The bible is the story line of God’s restoration plan following the fall of Adam. The restoration is centred on Jesus Christ the ‘last Adam.’ We’ve seen in Hebrews thus far that Jesus is above the angels, he is God (chapter 1), but whilst he is God is he fully human too (chapter 2).
Should the Hebrews revere Jesus even more than the man who essentially founded their nation (Moses)? – yes they should, Jesus is greater than Moses (chapter 3). Part of Jesus’ role is as High Priest who need not offer for his own sin, because he is without sin, despite this, he understands our situation as sinful human beings because he himself suffered (chapter 4). In this 5th chapter, the writer provides more information about the role of Jesus as High Priest.
- Jesus as High Priest
Throughout the history of the Hebrews, there have been three major roles or offices that God has appointed for the benefit of the nation. Firstly, the role of prophet. The prophet was to speak God’s words to the people. We recently studied the book of Jeremiah and it was notable that Jeremiah spoke repeatedly to the people on behalf of God: it wasn’t much fun (being a prophet) as the people continually ignored God’s word. It is notable that the role of prophet was usually a single purpose role: to speak on behalf of God. Rarely would a prophet hold dual roles such as king and prophet. The exceptions of Moses and King David prove the rule. As we saw in chapter 1, Jesus fulfils the role of prophet: ‘ but in these last days he has spoken to us by his Son (Hebrews 1:2).’ Just as the prophets spoke to the nation, so Jesus did too. His message was similar to that of the prophets: repent! Have a change of mind. Jesus’ role as a prophet was foreseen as the nation was about to enter the promised land: ‘18 I will raise up for them a prophet like you from among their fellow Israelites, and I will put my words in his mouth. He will tell them everything I command him. 19 I myself will call to account anyone who does not listen to my words that the prophet speaks in my name (Deuteronomy 18).’
Jesus was not just a prophet, but also a king. In Hebrews chapter 1, he is introduced as the eternal king: Your throne, O God, will last for ever and ever; a sceptre of justice will be the sceptre of your kingdom (Hebrews 1:8).’ The whole point of the preaching of John the Baptist, the disciples and Jesus himself was to invite the Jews to accept their king. They first needed to repent: the kingdom was indeed at hand – the king was actually amongst them! The rejection was unambiguous: Pilate attached a notice to the cross on which Jesus was crucified: ‘This is the king of the Jews!’ As the parable indicated they had said ‘we will not have this man to rule over us (Luke 19).’ As the writer to the Hebrews explains, Jesus may not yet be king, but he will take his rightful throne when the time is right.
The writer has thus built a picture of Jesus as prophet and king, and at the end of chapter 4 he says something very surprising to knowledgeable Hebrews. He states that Jesus is ‘a great high priest (Hebrews 4: 14).’ It seems quite natural for us as Christians to talk about Jesus as prophet, priest and king, but in Hebrew history, there was simply never a combination of the role of king and priest. The reason is relatively straightforward; the kingly line was to come through the tribe of Judah and the priestly line was to come through Levi. As Jacob was on his deathbed and he addressed each of his sons in turn he said to Judah: ‘10 The sceptre will not depart from Judah, nor the ruler’s staff from between his feet, until he to whom it belongs shall come and the obedience of the nations shall be his.’ Thus, the king would come from the tribe of Judah. Conversely the priests and the high priest were to come from the tribe of Levi: ‘10 Appoint Aaron and his sons to serve as priests; anyone else who approaches the sanctuary is to be put to death.’ As it happened there was one king who tried to act as priest. King Uzziah, was recorded as a king who ‘did what was right in the eyes of the Lord (1 Chronicles 26:4).’ Nonetheless, Uzziah didn’t always get things right. I heard a former senior government adviser mention that when advisers and others get into positions of power it can be an intoxicating experience, she mentioned that sometimes the power brings out the worst in people. For Uzziah, after he had established himself and had become powerful, pride began to corrupt his thinking. He knew that it was forbidden for the king to fulfil the duties of a priest. Just burning a little incense wouldn’t a problem surely? When Uzziah did this very thing, knowing it was wrong, he paid a rapid price for his disobedience: he immediately broke out in a very visible skin condition – he was ushered out (not against his will!) by the other priests when they saw what had happened. Under the Old Covenant arrangement, kings and priests are separate roles!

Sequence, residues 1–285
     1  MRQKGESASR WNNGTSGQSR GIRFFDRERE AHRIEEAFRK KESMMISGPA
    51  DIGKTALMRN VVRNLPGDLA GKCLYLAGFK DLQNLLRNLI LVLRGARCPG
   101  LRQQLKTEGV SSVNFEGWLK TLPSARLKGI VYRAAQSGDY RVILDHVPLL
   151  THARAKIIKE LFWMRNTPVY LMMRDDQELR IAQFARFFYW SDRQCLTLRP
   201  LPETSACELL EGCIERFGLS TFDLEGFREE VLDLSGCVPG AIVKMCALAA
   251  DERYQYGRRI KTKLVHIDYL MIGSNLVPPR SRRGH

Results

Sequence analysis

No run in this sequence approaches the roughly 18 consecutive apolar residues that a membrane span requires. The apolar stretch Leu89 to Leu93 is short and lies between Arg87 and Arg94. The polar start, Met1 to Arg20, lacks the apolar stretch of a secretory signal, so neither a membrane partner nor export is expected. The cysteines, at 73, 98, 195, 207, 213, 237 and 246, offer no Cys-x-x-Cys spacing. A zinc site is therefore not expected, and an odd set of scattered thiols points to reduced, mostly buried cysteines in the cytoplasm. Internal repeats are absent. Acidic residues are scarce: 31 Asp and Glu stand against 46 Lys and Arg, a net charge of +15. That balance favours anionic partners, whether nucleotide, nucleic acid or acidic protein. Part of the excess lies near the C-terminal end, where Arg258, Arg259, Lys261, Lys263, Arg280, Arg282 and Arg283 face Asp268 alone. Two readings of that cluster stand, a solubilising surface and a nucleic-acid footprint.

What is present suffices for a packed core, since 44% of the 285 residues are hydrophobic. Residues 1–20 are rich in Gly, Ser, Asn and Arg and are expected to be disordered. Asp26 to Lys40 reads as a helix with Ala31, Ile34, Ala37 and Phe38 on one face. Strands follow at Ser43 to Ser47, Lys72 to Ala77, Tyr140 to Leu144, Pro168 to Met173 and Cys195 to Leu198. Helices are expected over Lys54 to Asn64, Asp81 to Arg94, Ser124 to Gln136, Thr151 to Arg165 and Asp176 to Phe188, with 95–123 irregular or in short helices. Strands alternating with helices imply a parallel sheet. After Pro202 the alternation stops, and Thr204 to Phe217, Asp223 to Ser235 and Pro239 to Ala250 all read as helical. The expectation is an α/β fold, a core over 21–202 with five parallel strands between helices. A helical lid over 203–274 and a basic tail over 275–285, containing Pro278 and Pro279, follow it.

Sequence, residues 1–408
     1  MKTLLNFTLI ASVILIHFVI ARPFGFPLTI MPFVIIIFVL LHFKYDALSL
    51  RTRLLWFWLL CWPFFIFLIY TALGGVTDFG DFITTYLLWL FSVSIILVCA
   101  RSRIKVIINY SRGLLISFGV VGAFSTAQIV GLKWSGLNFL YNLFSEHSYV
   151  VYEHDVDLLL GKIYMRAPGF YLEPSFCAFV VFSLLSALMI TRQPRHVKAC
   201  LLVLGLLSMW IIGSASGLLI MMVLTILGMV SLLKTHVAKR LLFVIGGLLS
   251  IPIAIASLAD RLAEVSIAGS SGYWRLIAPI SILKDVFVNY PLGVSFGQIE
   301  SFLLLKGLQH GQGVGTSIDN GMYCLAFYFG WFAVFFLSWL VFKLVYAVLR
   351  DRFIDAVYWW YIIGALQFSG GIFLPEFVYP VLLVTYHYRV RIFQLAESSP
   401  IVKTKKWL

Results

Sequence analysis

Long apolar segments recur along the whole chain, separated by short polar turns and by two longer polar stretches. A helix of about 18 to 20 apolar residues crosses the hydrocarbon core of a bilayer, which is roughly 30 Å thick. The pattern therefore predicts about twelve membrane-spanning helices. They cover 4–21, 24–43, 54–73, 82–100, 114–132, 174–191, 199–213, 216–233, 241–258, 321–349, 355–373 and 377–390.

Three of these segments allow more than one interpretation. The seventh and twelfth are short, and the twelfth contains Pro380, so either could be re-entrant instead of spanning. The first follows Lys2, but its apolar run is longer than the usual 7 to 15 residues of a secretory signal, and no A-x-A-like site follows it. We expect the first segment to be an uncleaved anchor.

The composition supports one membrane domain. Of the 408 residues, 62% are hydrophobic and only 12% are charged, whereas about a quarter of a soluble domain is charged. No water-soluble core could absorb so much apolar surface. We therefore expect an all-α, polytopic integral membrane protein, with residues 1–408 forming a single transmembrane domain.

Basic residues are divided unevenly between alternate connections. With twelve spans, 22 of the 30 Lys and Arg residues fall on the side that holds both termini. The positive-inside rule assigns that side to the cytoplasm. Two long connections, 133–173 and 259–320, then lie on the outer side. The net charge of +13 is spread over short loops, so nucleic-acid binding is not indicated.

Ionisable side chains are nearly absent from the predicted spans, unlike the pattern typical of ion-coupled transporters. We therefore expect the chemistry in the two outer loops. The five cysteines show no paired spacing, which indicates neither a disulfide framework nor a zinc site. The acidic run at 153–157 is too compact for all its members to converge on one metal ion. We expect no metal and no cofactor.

We will discover in this 5th chapter and more fully in the 7th chapter that Jesus would be a High Priest. How can this work? Read on….
- The Aaronic priesthood and Jesus’ priesthood
The writer to the Hebrews has at the end of chapter 4 described how Jesus is a High Priest who can sympathise with us as he also suffered, but noting that Jesus never sinned. Jesus is now contrasted with the Aaronic priesthood. The Aaronic High priest is selected from men as a representative of men before God, the priest’s job is to offer gifts and sacrifices for sins. He too is able to deal gently with those who go astray, because he himself is subject to sinful weakness. The Aaronic priest however is inadequate in that such priests are sinful men. Their sympathy with the sinner is a measured sympathy (Greek word used is metripatheo – a measured or incomplete emmpathy), in contrast to Jesus’ sympathy which is without measure. This is rather like doctors who treat social problems such as depression when they themselves are prone to such illnesses. Because the high priests from Aaron’s line were sinful men, they had to sacrifice for their own sins first! In contrast Jesus’ sacrifice is a once and for all sacrifice.